Monday, September 1, 2014

August Songs that Bear Repeating

     As a welcome to the new month, here are favorite songs from August posts of Indie Obsessive.

     “Steam” by Green Stone Garden (from the August 2 post)

     “Burn This House” by Mwansa (from the August 2 post)

     “Home” by Dotan (from the August 11 post)

     “Animal” by Racing Glaciers (from the August 18 post)

    “Wolf” by Mammals (from the August 30 post)

     “I’m Not Coming Back” by Husky (from the August 29 post)

     “In My Bones by Jesse Taylor (from the August 2 post)

    “Let Up” by Lyke Giants (from the August 2 post)

Sunday, August 31, 2014

The Collection – A Band Review

     Now and then, Lois Lane would theorize about Clark Kent actually being Superman and would ask, “Have you ever seen them together?” Well, of course Superman was indeed the superhero persona of the mild-mannered Clark Kent.
     Well, has anyone ever seen Typhoon and the Collection together? When limiting the investigation to an individual level, has anyone ever seen Kyle Morton and David Wimbish together? Their voices, their uses of vocal inflections, and their tastes in musical composition are too closely aligned for there to be two separate people. Importantly, the Superman/Clark Kent question is easily distinguished from this music-specific investigation, since Typhoon and The Collection are both “super.”  

     Indie Obsessive has professed its appreciation for the orchestral sound of Typhoon more than once. Typhoon has staked claim on the Western United States, since the band is based in Portland, Oregon. On the other hand, The Collection owns the East. The band of between 12 and 17 works its craft in Greensboro, North Carolina (because there are so many members, the listing is found at the bottom of this post).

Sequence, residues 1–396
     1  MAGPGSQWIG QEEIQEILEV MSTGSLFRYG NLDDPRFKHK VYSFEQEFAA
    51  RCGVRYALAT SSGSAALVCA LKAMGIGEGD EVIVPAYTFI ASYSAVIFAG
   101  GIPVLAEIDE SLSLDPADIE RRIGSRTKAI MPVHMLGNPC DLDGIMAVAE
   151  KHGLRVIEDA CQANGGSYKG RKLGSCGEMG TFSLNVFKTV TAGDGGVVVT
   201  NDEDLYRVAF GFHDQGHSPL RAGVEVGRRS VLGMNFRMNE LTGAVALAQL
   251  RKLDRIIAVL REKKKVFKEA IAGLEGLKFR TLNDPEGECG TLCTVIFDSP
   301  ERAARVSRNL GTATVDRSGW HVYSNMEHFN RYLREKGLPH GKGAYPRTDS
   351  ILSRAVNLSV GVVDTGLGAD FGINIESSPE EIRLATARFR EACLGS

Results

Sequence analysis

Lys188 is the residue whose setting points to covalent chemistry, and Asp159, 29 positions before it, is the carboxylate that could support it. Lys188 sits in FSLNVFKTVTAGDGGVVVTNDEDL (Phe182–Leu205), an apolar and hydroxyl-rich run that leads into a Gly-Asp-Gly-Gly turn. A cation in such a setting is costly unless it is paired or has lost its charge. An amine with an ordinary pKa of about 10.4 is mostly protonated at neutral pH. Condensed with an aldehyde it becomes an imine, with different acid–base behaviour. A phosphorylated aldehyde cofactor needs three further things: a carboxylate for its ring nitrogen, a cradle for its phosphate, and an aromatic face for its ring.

On July 15, the Collection released the debut album “Ars Moriendi” (The Art of Dying). The first single from the album is “The Gown of Green”.

     The translated title track of the “Ars Moriendi” album is “The Art of Dying.”

    Currently, a Noisetrade offer is available. Of course, the Collection would appreciate a tip.

     Just for comparison purposes, here is one of the great Typhoon songs – “Young Fathers.”

the Collection is:
David Wimbish - Guitar, Mandolin, Banjo, Pipa, Violin, Cello, Horns, Vocals
Mira-joy Wimbish - Accordion, Glockenspiel, Aux Percussion, Vocals
Hayden Cooke - Bass Guitar, Doublebass
Christina Goss - Piano, Glockenspiel, Aux Percussion
Whitney Keller - Organ, Autoharp, Glockenspiel, Aux Percussion, Vocals
Philip Keller - Baritone Horn
Sandra Wimbish - Trumpet
Steve Rozema - Trumpet, Flugelhorn
Graham Dickey - Trombone
Chase Salmons - Drums, Chains, Weights, Keys, Shakers, Tambourines
Tom Troyer - Electric Guitar, Phin, Charango, Flute, Didjeridoo
Maria Yandell - Violin
Josh Weesner - Violin
Christina Brooke - Cello
Jennifer Millis - Cello
Hope Baker - Clarinet, Aux Percussion

Additional Musicians -
Elisa Cox - Violin
Clay White - Saw, Trumpet
Ivy White - French Horn
Jeff Stuart Saltzman - Marxophone
Edd Kerr - Electric Guitar, Banjo
Group Vocals: Kevan Chandler, Caleb and Meagan Hunter, Kim Bazel, Anna Bosovich, Luke Carson

Saturday, August 30, 2014

“Wolf” by Mammals – A Song Review

     Mammals is the pseudonym of Guy Brown, but the band also includes Nathaniel Joyce and Jake Fondleworthy.Brown identifies his hometown as Manly, Australia. He is now located in Sydney. If pressured to associate a single genre with Mammals, the best response would certainly be electronica. Still, Mammals will step outside of the genre, as in “Wolf,” a song that was inspired by the death of a friend.
     “Wolf” begins acoustically – not a typical start for someone with the processing skills of Guy Brown. An electric guitar and a kick drum enter at the 0:31 mark. However, it’s not electronica, even after the vocals undergo significant processing a short while later. If your tastes are similar to ours, you’ll agree that the first two minutes are enjoyable. Then, at the 2:09 mark, “Wolf” becomes blogworthy. The Soundcloud waveform visualizes the steady energy increase. At 2:48 a Rock guitar takes the focus, but a “cleaner” guitar, the drums and some electronica play a cooperative role.
     “Wolf” by Mammals

     “Codeine Eyes” by Mammals